It is still a further object of the invention to provide a multiple beam cathode ray tube having a cathode, and a grid array, which are easy to manufacture.
It is still a further object of the invention to provide a multiple beam cathode ray tube having a cathode-grid structure which substantially reduces ion-bombardment damage to the cathode.
The above objects are accomplished by providing a cathode-grid structure in which the grid means is located behind instead of in front of the cathode means in the cathode ray tube envelope. The cathode means has a plurality of openings which are arranged in an array pattern which is identical to the desired electron beam array pattern, and further has an emitter means associated with each opening for emitting a group of electrons. The grid means is biased to direct each group of electrons through the opening corresponding thereto in the direction towards the cathode ray tube screen, thus establishing the respective electron beams.
In preferred embodiments of the invention, the openings in the cathode means are circular apertures, and each electron emitter means is comprised of a ring of electron emitting material which is mounted on an emitter means mounting substrate so as to encircle an aperture in the substrate. The grid means is comprised of an array of grid elements which are mounted on a grid mounting substrate with each grid element being opposite to an electron emitting ring. In one embodiment, the rings of emitting material are disposed around the peripheral wall of a portion of the circular apertures and in a further embodiment, they are disposed on the face of the cathode substrate which is opposite the grid elements.
In the arrangement of the invention, the grid leads are connected to the rear of the grid elements and are fed through holes in the grid mounting substrate to the rear of the substrate, and to a connection means at the rear of the tube. Hence, lead placement problems and the attendant possibility of intermodulation are substantially eliminated with the structure of the invention. Similarly, mounting of the grid elements is merely a matter of securing them to a unitary mounting substrate, which is then easily mounted in the tube, so that the difficult mechanical mounting problems of the prior art arrangement are avoided.
The invention will be better understood by referring to the accompanying drawings, in which:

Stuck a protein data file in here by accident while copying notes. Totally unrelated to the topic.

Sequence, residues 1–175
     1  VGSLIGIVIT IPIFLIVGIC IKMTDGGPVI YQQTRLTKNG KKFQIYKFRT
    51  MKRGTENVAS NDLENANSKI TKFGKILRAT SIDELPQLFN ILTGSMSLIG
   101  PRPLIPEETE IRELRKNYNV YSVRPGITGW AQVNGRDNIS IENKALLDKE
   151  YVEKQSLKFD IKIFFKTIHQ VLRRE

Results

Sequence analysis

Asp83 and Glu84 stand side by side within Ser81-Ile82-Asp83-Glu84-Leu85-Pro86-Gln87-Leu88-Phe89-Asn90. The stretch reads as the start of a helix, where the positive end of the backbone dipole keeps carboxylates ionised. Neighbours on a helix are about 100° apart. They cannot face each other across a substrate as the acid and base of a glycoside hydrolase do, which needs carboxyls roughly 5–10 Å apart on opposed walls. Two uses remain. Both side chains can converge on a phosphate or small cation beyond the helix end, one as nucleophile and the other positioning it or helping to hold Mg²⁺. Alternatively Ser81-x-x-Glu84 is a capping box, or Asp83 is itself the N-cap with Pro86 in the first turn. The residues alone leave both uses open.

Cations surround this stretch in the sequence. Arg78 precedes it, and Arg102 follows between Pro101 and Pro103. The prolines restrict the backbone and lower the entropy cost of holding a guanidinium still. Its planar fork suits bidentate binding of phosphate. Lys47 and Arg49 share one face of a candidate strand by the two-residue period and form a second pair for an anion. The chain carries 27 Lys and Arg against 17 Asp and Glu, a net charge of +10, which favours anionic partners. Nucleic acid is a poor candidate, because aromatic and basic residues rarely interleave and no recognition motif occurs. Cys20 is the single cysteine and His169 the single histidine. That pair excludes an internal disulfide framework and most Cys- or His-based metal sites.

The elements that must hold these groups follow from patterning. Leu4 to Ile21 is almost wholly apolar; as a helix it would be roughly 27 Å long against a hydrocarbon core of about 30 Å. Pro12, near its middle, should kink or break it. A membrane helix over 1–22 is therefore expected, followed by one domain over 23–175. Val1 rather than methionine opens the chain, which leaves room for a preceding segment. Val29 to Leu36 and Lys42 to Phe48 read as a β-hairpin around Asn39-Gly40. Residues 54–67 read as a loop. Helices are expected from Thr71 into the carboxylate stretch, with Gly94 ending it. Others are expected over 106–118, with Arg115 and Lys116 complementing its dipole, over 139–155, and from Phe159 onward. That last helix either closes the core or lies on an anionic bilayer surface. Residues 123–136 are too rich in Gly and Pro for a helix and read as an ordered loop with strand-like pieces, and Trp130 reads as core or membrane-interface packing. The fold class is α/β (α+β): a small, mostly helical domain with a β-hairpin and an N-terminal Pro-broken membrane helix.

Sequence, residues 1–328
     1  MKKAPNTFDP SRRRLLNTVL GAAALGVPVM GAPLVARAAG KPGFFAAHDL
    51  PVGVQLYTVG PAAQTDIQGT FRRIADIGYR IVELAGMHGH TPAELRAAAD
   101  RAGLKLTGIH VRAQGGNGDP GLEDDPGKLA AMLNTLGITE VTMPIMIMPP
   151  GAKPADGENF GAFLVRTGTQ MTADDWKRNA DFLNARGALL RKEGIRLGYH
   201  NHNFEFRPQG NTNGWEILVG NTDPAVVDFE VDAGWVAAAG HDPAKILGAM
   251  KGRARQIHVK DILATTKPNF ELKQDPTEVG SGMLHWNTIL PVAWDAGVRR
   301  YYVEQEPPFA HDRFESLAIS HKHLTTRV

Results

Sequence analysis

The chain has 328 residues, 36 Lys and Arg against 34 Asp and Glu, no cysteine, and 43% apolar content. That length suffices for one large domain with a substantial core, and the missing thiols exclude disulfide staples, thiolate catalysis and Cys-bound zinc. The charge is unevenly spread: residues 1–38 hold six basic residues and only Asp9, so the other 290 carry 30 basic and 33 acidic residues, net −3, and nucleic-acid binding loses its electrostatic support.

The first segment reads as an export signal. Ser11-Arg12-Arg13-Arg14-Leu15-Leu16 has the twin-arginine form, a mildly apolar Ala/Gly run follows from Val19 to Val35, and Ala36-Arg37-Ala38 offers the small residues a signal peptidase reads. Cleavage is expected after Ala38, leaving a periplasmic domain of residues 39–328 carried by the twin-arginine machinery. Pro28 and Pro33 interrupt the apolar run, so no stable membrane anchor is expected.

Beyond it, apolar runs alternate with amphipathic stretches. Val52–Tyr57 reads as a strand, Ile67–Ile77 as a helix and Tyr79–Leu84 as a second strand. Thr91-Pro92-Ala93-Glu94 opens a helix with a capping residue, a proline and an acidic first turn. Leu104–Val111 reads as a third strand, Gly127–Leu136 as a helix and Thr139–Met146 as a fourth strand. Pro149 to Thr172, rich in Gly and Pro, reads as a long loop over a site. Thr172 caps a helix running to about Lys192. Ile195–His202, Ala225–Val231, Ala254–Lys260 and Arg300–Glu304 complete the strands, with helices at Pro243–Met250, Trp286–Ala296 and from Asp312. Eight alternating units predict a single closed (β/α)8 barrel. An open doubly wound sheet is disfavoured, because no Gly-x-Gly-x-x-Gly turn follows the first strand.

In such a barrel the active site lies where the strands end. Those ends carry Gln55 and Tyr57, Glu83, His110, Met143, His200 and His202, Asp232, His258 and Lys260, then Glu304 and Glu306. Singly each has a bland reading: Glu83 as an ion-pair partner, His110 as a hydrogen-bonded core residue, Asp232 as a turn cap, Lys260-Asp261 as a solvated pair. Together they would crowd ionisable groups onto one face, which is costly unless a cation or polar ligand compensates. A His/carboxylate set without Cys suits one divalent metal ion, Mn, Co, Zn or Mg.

FIG. 1 is a schematic representation of a cathode-grid structure having disadvantages which are obviated by the present invention.
FIG. 2 is a partial cross-sectional view of a cathode-grid structure in accordance with an embodiment of the present invention.
FIG. 3 is a front view of the cathode-grid structure shown in FIG. 2.
FIG. 4 is a partial cross-sectional view of a cathode-grid structure in accordance with a further embodiment of the present invention.
FIG. 5 is a schematic representation of a multiple beam cathode ray tube which incorporates the present invention.
FIG. 6 is a graph of beam current versus grid-cathode voltage which is obtained with the structure shown in FIGS. 2 and 3.
Referring to FIG. 1, a cathode-grid structure which might be used in a multiple beam cathode ray tube utilizing a two-dimensional electron beam array is shown. The structure is comprised of sheet cathode 2, control grid array 4, and shielding grid 6. Control grid array 4 is comprised of a plurality of flat or planar metallic elements such as elements 8 each having a circular aperture therein, such as aperture 10. Shielding grid 6 is a unitary planar element located directly in front of the control grid array and having a plurality of apertures such as aperture 12 which are disposed directly in front of the corresponding apertures of the control grid elements.
In the operation of the cathode-grid structure of FIG. 1, when sheet cathode 2 is heated, it emits electrons across its entire surface. These electrons are directed towards control grid array 4 and are focussed slightly ahead of the apertures in the grid elements, as shown in FIG. 1. The beams thus formed are directed through the apertures in shielding grid 6, as shown in the Figure.